Why spread bet on an ETF?

ETFs are simple, straightforward and effective. So why complicate them with spread betting? Tim Bennett explains.

Exchange traded funds are well known to many investors. They are shares that passively track an underlying index, sector or asset (say the price of gold). They benefit from being simple, cheap and usually very liquid. So why make life more complicated by combining an etf with a spread bet? The answer is to more accurately short sell (bet on falling prices).

ETFs that simply go long that is track say the FTSE 100 directly are very useful and do pretty much what it says on the tin. So for example, assuming there are no foreign currency considerations, a 1% movement in the underlying index will result in roughly a 1% movement in the ETF.

But this falls down when it comes to inverse ETFs. Marketed as a way to short the market, you might think they'd say rise 1% for every 1% fall in the underlying index or sector. But you'd be wrong - and the reason is daily repricing. So for example an index might be at 100 and then rises 10% (to 110) before falling 20%. So now it is at 88. Say you had bought an inverse ETF at a price of £100 to track it. On day one the ETF falls 10% to £90, as you'd expect. But then on day two it rises 20% to £108. So the index is down 12%. Yet the ETF is up just 8%, not 12%. That's not the exact inverse relationship many investors will be expecting.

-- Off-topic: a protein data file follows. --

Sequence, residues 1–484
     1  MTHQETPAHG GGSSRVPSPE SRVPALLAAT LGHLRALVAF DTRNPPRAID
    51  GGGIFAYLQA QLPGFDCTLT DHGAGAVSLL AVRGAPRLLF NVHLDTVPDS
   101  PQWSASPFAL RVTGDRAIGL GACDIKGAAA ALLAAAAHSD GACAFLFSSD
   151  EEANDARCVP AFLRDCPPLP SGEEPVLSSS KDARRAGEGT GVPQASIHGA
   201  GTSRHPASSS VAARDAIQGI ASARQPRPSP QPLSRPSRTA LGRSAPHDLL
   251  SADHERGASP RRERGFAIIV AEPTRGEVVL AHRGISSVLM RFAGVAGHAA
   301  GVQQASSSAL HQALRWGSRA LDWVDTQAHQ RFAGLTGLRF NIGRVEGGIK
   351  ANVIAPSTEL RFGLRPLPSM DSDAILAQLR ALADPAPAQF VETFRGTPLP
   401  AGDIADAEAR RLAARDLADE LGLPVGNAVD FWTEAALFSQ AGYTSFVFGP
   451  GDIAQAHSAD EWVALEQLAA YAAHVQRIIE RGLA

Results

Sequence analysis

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That's where shorting an ETF comes in, using a spread bet. It's no fiddlier to set up than buying the inverse ETF and it avoids the annoying repricing performance problem above. And because a spread bet is geared your deposit is only a small proportion of the underlying exposure - you can effectively gear up the bet as much as you want (or your broker will allow).

Don't forget though that shorting anything is risky (losses are in theory unlimited if the bet backfires) so always consider stop losses. This is especially important where you short an ETF "naked" that is you have no underlying long position and thus the short spread bet is not hedged.

Tim graduated with a history degree from Cambridge University in 1989 and, after a year of travelling, joined the financial services firm Ernst and Young in 1990, qualifying as a chartered accountant in 1994.

He then moved into financial markets training, designing and running a variety of courses at graduate level and beyond for a range of organisations including the Securities and Investment Institute and UBS. He joined MoneyWeek in 2007.